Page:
There is power in Le Sabre’s bulging forms and cut lines, but the overall massing is also heavyweight and over-the-top — all muscle, no brains. Compare this to the next model on display: Chrysler’s 300C of 1957. Rather than roaring through the air, here is a car that looks like it could float on water. In the 300C, Chrysler’s design team, led by Virgil Exner, championed a ‘Forward Look’. With reduced chrome and a single grille, the car’s bulk is now ‘concentrated toward the rear, crowned by the upsweep of the tail,’ Exner explained. ‘Big racing boats take the same general form.’ The Chrysler’s tail is not a wing so much as a line of wake. You could imagine this elegant vehicle motoring through the canals of Venice, with headlamps like lashy eyes beckoning you on.

As the jet age became the space age, Earl set his sights higher. For his Firebird III concept car, he wanted ‘what you would expect the astronauts to drive to the launch pad on their way to the moon’. The result was the apotheosis of fin, as much Batmobile as automobile. This Firebird’s abstracted forms continued to influence 1960s car design even after its wings were clipped.

The Sixties proved there was more to car design than flying forms. Some cars took on natural shapes. The 1959 Corvette Stingray Racer, a stunningly attractive concept car from GM’s new head of design Bill Mitchell, conveys the teardrop shape of a sea creature. Meanwhile the 1967 Mustang, Ford’s wildly successful ‘pony car’, references the smoothness of a saddle mounted atop a galloping heart (made all the more apparent in the iconic equine grillework).


Fin de siècle: Dave Cummins’s ‘1960 Chrysler’ design, 1956 (Detroit Institute of Arts/Collection of Brett Snyder)

In the 1970s, Detroit doubled down on power. The 1970 Chrysler Plymouth Barracuda borrowed lessons from such cars as the 1966 GM Oldsmobile Toronado to represent strength in brutalist, hard-edged form. A straight beltline ties the body together from headlight to tail. A flat front end presents a menacing blackened maw with a hood scoop of simian nostrils.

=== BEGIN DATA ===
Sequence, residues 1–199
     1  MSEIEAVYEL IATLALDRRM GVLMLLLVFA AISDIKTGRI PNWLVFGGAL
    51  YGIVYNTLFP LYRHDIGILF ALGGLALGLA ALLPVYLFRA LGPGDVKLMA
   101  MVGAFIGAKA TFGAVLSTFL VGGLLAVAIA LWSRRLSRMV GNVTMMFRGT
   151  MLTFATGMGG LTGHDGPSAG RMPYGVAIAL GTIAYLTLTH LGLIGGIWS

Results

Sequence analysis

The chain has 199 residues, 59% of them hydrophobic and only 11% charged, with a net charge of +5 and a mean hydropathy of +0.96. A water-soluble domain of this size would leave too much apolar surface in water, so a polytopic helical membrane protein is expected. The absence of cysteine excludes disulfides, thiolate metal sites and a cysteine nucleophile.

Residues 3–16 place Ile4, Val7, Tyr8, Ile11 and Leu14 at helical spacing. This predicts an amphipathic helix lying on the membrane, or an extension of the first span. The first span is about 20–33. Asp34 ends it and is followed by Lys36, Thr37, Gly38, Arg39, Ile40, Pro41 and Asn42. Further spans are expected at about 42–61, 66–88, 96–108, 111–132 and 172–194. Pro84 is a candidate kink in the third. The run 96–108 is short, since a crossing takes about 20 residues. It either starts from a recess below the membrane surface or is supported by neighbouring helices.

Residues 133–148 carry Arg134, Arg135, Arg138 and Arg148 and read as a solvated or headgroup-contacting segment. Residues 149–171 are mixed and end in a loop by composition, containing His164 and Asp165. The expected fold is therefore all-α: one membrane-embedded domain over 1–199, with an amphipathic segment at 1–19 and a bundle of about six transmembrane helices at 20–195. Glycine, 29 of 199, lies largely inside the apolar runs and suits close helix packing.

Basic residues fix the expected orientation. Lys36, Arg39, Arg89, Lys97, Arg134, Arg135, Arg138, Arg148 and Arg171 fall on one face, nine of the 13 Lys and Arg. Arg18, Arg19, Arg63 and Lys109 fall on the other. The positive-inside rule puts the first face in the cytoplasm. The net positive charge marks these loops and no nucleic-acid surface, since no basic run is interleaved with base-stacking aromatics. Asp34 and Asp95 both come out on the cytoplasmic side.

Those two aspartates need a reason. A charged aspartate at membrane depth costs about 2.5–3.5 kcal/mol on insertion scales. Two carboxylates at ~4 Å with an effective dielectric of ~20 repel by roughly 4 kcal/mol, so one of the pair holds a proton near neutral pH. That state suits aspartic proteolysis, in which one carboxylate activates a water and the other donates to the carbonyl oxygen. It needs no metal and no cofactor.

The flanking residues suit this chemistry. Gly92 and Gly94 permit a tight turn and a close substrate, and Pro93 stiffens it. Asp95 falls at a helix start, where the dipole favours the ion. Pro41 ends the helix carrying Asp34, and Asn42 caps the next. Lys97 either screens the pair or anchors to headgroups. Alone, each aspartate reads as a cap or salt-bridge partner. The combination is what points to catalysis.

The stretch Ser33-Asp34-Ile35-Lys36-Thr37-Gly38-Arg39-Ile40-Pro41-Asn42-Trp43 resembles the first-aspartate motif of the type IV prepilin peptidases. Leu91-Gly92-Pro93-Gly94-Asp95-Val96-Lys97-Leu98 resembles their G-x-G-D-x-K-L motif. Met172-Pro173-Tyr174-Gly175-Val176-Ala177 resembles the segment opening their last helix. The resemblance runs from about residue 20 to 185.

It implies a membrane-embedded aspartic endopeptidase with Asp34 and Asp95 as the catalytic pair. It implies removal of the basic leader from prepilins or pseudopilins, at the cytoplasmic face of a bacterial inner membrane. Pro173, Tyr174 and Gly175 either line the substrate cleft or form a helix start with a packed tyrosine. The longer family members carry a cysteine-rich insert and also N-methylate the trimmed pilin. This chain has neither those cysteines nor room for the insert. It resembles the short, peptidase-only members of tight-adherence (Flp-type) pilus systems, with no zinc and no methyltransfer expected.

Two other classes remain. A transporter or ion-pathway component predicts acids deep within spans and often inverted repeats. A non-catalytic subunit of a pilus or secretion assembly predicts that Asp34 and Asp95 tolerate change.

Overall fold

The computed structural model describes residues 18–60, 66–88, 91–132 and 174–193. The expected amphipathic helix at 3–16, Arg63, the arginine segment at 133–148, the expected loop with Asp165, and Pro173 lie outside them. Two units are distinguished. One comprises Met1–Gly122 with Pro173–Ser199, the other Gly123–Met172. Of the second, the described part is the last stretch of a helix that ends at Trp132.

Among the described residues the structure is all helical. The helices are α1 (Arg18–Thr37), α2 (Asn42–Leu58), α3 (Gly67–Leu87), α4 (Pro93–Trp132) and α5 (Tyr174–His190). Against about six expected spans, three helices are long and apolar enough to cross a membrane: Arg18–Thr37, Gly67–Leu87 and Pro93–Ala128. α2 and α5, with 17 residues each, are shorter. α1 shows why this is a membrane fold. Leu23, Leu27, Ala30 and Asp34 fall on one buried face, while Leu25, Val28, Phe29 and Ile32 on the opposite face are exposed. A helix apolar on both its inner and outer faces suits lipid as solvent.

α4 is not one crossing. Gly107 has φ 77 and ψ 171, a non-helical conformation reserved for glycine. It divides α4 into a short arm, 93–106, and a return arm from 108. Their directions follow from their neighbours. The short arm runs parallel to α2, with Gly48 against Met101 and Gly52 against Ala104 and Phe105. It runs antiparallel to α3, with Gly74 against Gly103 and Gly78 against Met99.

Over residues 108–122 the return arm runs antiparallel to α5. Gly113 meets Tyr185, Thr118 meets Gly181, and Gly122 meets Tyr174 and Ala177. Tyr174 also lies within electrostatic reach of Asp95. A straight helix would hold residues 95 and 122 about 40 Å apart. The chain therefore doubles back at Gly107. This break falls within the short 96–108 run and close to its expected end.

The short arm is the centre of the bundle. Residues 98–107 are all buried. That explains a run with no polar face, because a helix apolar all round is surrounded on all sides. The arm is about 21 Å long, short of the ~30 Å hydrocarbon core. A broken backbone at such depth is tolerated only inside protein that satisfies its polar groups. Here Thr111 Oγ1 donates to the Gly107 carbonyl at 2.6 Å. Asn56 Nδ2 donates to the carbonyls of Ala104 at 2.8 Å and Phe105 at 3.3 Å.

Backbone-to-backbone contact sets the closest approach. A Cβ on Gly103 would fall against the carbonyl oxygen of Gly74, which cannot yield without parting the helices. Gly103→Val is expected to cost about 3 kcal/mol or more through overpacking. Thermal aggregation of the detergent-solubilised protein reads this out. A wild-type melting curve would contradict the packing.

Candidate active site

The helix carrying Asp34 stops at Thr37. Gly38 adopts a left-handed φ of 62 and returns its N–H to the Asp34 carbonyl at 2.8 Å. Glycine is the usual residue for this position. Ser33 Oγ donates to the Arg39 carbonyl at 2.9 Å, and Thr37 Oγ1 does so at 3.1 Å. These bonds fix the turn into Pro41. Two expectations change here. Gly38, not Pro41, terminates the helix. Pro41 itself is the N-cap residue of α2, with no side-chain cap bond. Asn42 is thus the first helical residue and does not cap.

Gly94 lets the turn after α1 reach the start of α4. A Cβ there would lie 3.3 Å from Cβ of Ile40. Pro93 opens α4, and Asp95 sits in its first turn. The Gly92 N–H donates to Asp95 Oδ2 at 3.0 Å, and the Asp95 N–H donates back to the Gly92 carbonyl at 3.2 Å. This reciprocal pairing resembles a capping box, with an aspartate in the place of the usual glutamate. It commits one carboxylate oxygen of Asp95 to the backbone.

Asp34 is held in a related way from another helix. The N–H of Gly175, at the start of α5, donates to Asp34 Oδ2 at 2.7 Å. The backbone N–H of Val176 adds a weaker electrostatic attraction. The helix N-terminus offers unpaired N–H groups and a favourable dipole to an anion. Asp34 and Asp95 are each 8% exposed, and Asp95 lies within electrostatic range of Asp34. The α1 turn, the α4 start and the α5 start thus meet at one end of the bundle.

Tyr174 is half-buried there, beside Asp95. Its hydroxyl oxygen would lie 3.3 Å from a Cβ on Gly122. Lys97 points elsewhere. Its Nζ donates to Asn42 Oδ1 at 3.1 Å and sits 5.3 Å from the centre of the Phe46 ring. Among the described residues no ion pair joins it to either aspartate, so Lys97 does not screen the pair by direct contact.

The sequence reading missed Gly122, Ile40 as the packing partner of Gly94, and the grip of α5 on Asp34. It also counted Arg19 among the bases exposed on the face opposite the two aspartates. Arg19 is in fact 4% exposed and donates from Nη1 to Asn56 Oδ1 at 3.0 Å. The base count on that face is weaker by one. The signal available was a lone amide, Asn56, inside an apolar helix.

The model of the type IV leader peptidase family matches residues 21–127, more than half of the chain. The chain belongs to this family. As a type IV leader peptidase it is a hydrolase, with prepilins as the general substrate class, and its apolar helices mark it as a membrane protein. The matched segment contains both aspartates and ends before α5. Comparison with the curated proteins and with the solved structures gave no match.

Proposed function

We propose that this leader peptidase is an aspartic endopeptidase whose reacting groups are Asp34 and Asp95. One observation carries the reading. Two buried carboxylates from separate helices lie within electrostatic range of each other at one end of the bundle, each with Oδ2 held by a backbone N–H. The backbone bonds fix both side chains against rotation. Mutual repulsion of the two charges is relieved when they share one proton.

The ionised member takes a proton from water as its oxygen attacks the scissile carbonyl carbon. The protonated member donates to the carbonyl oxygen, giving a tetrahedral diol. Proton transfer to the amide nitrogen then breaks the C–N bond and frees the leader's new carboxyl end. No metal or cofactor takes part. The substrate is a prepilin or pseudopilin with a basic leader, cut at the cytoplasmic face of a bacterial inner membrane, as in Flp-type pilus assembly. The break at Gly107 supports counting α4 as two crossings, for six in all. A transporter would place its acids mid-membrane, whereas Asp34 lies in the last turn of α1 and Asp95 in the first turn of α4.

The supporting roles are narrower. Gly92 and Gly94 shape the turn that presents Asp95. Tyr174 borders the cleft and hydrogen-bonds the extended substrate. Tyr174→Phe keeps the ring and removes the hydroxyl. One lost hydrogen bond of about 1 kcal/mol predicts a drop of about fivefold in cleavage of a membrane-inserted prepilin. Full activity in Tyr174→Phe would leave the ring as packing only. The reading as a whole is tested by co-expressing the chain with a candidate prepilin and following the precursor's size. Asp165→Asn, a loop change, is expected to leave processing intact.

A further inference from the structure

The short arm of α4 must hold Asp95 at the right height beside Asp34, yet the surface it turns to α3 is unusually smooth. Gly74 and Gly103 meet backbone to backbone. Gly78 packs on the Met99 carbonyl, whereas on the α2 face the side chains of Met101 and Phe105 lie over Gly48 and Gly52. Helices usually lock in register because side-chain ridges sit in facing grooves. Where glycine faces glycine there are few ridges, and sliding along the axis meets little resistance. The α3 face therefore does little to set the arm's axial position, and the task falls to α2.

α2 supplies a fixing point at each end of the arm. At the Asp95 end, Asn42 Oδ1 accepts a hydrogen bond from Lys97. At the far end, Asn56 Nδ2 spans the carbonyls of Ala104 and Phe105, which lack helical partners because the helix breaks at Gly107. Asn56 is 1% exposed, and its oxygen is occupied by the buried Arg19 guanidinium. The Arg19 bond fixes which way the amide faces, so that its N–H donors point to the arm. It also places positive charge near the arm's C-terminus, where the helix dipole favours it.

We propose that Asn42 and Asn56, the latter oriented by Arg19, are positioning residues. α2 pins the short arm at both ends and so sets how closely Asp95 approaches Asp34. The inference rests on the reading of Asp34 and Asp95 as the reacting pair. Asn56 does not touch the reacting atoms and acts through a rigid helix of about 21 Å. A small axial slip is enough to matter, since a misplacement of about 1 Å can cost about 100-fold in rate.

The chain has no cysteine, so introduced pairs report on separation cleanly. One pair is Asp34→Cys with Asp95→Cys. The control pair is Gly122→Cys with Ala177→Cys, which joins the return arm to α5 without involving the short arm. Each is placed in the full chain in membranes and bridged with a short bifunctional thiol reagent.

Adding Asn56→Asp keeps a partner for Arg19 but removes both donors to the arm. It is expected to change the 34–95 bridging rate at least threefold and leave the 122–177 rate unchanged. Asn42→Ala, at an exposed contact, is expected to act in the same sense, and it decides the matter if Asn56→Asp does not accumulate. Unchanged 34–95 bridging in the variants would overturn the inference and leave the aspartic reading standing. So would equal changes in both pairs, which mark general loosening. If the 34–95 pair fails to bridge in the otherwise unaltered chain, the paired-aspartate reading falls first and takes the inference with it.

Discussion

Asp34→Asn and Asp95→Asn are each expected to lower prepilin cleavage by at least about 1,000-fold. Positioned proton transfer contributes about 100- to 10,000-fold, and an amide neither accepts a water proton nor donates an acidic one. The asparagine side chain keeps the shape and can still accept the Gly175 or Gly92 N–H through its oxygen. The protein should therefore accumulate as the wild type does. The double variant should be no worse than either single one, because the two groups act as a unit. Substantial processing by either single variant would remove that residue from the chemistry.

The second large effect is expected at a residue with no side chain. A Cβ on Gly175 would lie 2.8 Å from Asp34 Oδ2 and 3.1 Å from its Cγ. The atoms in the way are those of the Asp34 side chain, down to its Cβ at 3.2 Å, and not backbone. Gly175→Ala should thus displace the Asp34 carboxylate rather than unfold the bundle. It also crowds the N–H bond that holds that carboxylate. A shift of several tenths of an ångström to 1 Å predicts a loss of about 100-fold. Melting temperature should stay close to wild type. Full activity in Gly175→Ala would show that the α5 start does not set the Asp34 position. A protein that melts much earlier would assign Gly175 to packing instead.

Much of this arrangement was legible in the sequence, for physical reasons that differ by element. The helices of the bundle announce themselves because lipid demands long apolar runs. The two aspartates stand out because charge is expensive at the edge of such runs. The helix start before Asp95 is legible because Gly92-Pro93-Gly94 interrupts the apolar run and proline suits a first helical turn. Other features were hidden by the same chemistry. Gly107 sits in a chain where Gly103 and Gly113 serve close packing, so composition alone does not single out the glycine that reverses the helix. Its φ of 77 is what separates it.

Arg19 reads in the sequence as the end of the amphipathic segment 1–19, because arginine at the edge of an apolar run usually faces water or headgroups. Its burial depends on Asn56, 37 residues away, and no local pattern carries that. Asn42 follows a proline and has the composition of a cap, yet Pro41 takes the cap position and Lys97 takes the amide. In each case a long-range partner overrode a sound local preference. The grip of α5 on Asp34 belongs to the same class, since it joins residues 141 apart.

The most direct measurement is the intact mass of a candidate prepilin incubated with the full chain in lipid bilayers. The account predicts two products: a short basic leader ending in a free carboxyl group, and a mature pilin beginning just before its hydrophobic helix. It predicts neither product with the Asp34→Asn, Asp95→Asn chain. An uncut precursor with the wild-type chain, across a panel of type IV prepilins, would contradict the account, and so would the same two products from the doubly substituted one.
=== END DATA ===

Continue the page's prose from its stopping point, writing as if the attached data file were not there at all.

A decade later, after an oil embargo or two, Detroit was ready to repent. With its chastened forms, the 1983 Ford Probe IV puts the car in an exercise leotard. Aerobics and aerodynamics now came to represent Detroit’s supposed new efficiency. Computers and wind tunnels, as much as the clay model, came to define car design. The 1987 Chrysler Portofino, a concept car designed by Sergio Coggiola at his Carrozzeria Coggiola near Turin, also shows the growing influence of European styling over Detroit. Here torsional forms replace lines of lateral speed. In a surprising Futurist move, the doors, hood, and trunk all rotate up to reveal an entirely open cabin.

By the 1990s, Detroit looked to the past as much as the future. Nostalgic designs appealed to the same car buyers who coveted the Detroit designs of decades before. As its name suggests, the 1998 Chrysler Chronos is a time machine back to the 300C and Exner’s Forward Look. In the Ford GT Concept of 2002 and the 2017 Ford GT, the final two cars of the exhibition, the end results are back to the future. The forward styling of the past now informs designs that are still to come.

I never got to ask my grandfather about his car-designing days. As he went on to become a professor of industrial design, all I heard of his time in Earl’s shop was that it was long hours for little pay. ‘Automobiles are hollow, rolling sculpture,’ said Arthur Drexler, MoMA’s curator of architecture, at mid-century. The automobile’s artifice is its art, but it is still an art of artifice — one designed, in the end, merely to sell you a new car.

This article was originally published in The Spectator’s November 2020 US edition.